Byrd's religious expression claim to go forward against
C/O Chandler but erred in dismissing the Grievance Officials.
The court finds this objection meritorious.
R&R stated that Mr. Byrd properly alleged a First
Amendment religious expression claim. The R&R correctly
stated that a party can only be liable for a Section 1983
claim if they directly participated in or had actual
knowledge of the constitutional offense and acquiesced in it.
Mr. Byrd has not alleged that the Grievance Officials
participated in whistling at him, so his claim against them
can only succeed if they had actual knowledge of and
acquiesced in C/O Chandler's whistling.
Mr. Byrd has alleged that he filed a complaint regarding C/O
Chandler's ongoing practice-pre- and post-dating his
original grievances-of whistling during Mr. Byrd's
prayers, thus bringing the issue to the attention of the
Grievance Officials. He has also alleged that Superintendent
Brittain in fact admitted she was aware of the whistling and
the fact that it was genuinely disrupting Mr. Byrd's
Muslim prayer practice. (See Doc. 1, ¶¶
30-32.) The R&R found this was insufficient to trigger
liability, implying that, as a matter of law, a
prisoner's grievance complaint cannot give rise to a
supervisor's actual knowledge of a constitutional
violation. Because this mischaracterizes the law, the court
will grant Plaintiff's objection.
R&R is correct that a complaint about a past
constitutional offense is insufficient to show the people
reviewing the grievance had actual knowledge of or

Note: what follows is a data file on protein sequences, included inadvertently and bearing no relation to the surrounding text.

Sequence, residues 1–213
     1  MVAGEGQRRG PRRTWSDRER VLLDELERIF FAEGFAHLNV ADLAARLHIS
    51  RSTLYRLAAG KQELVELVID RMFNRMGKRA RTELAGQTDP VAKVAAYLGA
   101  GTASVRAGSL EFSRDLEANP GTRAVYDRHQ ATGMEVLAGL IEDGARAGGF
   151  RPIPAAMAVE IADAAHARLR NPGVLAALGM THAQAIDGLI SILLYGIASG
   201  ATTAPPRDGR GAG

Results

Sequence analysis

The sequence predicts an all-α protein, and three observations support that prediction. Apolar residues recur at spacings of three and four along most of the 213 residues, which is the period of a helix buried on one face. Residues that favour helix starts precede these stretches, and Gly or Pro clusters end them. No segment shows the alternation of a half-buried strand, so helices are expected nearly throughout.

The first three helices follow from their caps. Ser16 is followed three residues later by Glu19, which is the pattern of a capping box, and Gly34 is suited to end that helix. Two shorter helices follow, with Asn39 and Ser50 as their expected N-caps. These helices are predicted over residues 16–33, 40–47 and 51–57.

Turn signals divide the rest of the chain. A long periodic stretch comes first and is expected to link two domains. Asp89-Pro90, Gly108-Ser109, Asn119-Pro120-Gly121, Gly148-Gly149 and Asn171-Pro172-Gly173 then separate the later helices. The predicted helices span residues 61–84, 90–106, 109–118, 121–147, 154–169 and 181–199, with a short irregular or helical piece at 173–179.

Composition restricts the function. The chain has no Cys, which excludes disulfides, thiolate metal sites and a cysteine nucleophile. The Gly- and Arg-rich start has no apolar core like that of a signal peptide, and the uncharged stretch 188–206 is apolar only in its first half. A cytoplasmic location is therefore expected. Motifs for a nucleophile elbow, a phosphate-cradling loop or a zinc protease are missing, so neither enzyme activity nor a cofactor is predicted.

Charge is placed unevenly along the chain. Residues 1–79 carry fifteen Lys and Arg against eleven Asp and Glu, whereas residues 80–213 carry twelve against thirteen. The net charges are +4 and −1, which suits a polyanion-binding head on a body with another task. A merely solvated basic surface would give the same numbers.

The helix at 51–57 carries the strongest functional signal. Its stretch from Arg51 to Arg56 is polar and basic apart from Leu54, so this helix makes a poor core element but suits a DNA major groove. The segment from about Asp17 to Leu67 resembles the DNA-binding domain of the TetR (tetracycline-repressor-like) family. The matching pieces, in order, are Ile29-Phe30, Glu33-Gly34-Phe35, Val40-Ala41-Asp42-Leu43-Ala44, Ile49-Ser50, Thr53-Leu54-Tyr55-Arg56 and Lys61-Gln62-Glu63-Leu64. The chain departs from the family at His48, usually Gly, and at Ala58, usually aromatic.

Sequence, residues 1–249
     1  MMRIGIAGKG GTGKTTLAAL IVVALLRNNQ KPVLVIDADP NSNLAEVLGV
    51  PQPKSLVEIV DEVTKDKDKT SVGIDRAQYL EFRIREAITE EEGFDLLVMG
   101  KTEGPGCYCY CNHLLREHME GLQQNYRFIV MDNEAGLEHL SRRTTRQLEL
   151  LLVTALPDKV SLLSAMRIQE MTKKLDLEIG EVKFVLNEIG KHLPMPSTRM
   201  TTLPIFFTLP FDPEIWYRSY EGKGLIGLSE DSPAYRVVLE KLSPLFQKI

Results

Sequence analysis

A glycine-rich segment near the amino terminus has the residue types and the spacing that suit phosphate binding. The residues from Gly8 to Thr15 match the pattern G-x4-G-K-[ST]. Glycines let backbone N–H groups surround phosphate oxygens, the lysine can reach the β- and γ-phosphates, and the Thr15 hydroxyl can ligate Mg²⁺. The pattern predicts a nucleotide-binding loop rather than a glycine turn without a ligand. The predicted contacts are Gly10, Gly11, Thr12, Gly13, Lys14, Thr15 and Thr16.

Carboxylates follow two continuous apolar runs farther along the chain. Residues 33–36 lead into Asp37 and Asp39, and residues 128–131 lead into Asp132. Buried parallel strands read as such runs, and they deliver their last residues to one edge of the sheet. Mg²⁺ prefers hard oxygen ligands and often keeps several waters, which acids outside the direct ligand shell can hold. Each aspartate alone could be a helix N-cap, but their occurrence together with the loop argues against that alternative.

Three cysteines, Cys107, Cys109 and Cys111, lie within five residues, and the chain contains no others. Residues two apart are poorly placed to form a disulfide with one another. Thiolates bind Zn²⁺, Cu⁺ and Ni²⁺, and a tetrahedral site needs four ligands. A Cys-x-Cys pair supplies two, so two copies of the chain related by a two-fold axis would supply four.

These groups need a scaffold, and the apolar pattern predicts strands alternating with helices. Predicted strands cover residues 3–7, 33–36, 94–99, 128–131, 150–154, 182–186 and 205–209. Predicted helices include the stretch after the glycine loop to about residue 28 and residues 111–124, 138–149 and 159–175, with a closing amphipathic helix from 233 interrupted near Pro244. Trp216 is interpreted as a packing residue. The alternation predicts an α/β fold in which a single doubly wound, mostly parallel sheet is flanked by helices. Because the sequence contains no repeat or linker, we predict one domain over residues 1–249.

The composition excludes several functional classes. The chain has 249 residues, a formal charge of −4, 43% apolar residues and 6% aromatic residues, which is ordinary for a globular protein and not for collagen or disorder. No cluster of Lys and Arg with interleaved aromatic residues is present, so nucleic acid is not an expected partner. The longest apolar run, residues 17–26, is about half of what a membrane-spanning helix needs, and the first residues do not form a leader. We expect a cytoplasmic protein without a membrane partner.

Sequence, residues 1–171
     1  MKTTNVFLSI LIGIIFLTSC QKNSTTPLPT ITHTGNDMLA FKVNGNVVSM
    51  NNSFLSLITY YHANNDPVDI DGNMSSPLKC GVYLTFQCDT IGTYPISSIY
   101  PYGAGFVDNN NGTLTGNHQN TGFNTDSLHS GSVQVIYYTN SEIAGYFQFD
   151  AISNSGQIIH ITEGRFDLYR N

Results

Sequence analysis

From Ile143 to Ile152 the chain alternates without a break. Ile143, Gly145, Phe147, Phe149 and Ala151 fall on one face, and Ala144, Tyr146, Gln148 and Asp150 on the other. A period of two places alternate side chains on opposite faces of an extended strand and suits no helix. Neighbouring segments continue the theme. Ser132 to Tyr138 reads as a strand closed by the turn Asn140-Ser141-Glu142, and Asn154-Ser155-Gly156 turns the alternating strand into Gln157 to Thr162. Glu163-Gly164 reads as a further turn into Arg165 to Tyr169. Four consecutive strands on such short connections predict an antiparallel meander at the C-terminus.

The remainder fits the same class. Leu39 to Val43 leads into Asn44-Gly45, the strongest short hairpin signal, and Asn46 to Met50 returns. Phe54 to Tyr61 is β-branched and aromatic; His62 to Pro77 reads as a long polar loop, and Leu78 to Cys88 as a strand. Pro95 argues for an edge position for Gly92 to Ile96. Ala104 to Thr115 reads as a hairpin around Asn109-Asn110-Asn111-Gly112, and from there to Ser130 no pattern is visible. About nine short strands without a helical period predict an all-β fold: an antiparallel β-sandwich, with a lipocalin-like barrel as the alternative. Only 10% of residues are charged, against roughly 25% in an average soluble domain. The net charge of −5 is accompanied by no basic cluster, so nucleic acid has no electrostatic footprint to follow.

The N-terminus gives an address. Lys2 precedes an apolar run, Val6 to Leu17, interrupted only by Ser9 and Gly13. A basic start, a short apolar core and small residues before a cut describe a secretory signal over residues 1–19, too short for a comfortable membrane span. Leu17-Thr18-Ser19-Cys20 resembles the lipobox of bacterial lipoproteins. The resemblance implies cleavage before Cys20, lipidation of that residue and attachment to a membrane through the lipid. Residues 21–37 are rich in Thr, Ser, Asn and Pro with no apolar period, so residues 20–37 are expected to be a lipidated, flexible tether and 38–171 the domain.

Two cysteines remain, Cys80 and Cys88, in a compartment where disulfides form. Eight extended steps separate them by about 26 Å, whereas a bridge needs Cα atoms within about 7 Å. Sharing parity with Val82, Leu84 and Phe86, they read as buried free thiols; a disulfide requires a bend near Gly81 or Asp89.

participated in the past violation. See Brooks v.
Beard, 167 Fed.Appx. 923, 925 (3d Cir. 2006) (holding
supervisors were not personally involved in medical
mistreatment because complaint was filed after the
mistreatment). That being said, “several courts have
concluded that a supervisory official may be held liable
stemming from the review of a grievance alleging an
ongoing violation.” Sears
v. Mooney, No. 1:17-CV-50, 2019 WL 6726839, at *6 (M.D.
Pa. Dec. 11, 2019) (emphasis supplied). As the Northern
District of New York has explained:
It appears that the distinction is whether the supervisory
official is confronted with an alleged violation that has
ended or whether he is confronted with a continuing
violation. It has been held that an appropriate guiding
principle for determining personal responsibility is where a
grievance alleges an ongoing constitutional violation, the
supervisory official who reviews the grievance is personally
involved if he is confronted with a situation that he can
remedy directly. If the official is confronted with a
violation that has already occurred and is not ongoing, then
the official will not be found personally responsible for
failing to remedy a violation.
Harnett v. Barr, 538 F.Supp.2d 511, 524-25 (N.D.N.Y.
2008) (internal citations and quotations omitted); see
also Romero v. Folino, No. 13-cv-0691, 2014 WL 710025,
at *7 (W.D. Pa. Feb. 25, 2014) (citing Harnett as
good law and denying 12(b)(6)); Carter v. Smith, No.
08-cv-279, 2009 WL 3088428, at *6 (E.D. Pa. Sept. 22, 2009);
Gibbs v. Univ. Correctional Healthcare, No.
14-cv-7138, 2016 WL 6595916, at *2 (D.N.J. Nov. 7,
applied here, Mr. Byrd's complaints to the Grievance
Officials caused them to become aware of C/O Chandler's
practice and the fact that it was disturbing Mr. Byrd's
prayers; thus, they acquired actual knowledge of the offense
and potentially acquiesced to its continuance by failing to
intervene. Whether this is true will require discovery. The